Sunday, March 15, 2009

Bracket Lesson #3: "Clutch" Vs "Overrated"

Probably the most controversial bracket lesson that I have is actually the most successful. Just look at the teams I picked to overachieve and underachieve last season, and it's remarkable how accurate that list was. I picked a 4, 5 and 9 seed to underachieve, and all three flamed out in the first round. Of the teams I picked to overachieve, I picked an 11 seed that made the second round, a 7 seed that made the Sweet Sixteen, and a 6 seed that made the second round. So the "overachieve" teams all did at least as well as their seed would suggest, and none of the "underachieve" teams did better than their seed would suggest.

So what's the point?

The point is that the college basketball season is a small sample size. And while you can get some anomalies over short periods of time, over the long time teams revert to the mean. The mistake that people make is that they see a team that was so clutch during the regular season, and project an even better performance during the postseason. First of all, teams that won a lot of close games were probably some combination of "clutch" and "lucky". Second of all, even if there was no luck involved, they still played so clutch during the regular season that even a very clutch performance in the NCAA Tournament would only cause them to "achieve"... they're not going to shock anybody as a Cinderella. Whatever clutch play they had is already built into their seed. And over the long run, teams will always revert to the mean.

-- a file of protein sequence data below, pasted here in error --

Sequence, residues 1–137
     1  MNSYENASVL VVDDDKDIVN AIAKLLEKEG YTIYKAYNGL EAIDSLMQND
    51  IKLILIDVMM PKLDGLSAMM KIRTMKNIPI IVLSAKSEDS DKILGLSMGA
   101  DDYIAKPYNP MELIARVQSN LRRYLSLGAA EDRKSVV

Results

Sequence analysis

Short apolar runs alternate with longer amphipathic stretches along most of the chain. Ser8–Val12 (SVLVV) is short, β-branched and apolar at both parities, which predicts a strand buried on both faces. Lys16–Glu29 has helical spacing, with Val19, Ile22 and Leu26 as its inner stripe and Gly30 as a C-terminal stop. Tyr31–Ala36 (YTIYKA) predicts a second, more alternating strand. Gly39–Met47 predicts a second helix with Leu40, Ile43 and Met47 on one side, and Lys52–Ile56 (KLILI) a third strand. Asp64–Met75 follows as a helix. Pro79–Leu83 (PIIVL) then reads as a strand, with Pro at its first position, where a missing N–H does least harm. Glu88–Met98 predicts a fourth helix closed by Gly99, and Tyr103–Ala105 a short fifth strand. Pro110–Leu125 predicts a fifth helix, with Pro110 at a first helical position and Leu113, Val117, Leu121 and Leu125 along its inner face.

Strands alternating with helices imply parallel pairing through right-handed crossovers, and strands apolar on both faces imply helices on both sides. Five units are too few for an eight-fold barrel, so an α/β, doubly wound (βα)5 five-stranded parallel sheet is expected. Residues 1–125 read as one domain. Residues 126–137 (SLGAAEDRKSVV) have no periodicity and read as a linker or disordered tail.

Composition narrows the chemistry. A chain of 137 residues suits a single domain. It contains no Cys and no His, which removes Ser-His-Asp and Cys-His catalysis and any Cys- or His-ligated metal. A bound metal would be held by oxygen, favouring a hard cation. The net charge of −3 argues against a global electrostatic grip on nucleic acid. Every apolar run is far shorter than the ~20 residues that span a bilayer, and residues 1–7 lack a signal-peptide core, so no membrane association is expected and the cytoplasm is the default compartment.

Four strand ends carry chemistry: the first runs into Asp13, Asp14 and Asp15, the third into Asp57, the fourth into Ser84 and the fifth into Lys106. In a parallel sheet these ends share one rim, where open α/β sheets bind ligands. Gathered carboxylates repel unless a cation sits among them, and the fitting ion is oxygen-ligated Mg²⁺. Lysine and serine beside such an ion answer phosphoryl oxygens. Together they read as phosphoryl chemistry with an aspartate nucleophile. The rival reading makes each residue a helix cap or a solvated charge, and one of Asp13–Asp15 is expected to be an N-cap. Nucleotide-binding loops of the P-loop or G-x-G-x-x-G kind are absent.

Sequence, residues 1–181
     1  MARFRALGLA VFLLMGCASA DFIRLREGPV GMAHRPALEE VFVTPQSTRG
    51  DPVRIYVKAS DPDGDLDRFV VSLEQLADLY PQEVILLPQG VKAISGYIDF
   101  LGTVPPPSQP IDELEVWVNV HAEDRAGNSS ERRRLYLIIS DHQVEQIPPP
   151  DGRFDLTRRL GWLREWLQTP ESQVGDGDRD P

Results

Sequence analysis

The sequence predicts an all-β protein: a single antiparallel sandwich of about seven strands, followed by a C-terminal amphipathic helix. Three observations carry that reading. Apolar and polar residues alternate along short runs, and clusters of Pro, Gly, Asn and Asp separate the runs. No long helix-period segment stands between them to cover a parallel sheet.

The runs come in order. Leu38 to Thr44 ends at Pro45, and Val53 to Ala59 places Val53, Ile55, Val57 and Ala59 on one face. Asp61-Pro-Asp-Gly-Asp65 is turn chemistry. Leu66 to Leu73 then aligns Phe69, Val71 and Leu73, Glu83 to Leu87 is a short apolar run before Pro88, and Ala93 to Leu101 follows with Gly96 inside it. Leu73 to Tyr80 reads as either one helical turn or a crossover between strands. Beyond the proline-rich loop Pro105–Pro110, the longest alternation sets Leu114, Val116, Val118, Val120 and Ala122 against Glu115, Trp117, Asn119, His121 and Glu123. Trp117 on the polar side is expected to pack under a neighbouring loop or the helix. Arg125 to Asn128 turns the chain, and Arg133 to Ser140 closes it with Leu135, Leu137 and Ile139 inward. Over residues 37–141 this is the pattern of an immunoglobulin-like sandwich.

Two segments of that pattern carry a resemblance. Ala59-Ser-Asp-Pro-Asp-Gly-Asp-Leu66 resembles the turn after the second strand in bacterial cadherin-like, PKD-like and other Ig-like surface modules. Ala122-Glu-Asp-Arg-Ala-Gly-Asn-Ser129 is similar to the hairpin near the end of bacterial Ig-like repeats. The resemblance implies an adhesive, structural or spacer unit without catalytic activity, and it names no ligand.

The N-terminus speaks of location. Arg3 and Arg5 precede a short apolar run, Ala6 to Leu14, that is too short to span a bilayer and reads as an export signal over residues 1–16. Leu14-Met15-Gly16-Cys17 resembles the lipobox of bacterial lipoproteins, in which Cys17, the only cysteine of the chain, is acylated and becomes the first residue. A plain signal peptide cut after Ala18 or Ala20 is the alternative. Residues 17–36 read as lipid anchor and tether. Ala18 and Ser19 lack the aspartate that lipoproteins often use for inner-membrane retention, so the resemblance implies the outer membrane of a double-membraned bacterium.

In other words: pick AGAINST teams that won a lot of close games, and bet on teams that lost a lot of close games. This might seem counter-intuitive, but it's a well known issue for those in the statistical community. We see it a lot in Major League Baseball, where statisticians talk about a team's Pythagorean record, and where you can bet the house that a team that plays well ahead of its Pythagorean record is going to come down to Earth in the second half of the season. Teams with great closers and clutch hitters will finish ahead of their Pythagorean, as you'd expect, but never by more than a few games.

So since I'm sure some people just want to know which teams they should keep an eye on this Tournament, I'll just list here some teams that I feel should be expected to over- or under-perform. If you're wondering where I came up with this list, it's mostly just a study of the Sagarin ratings, as well as my own intuition from watching teams this season.

Likely to overachieve:
Arizona State
West Virginia

Likely to underachieve:
Florida State
Wake Forest

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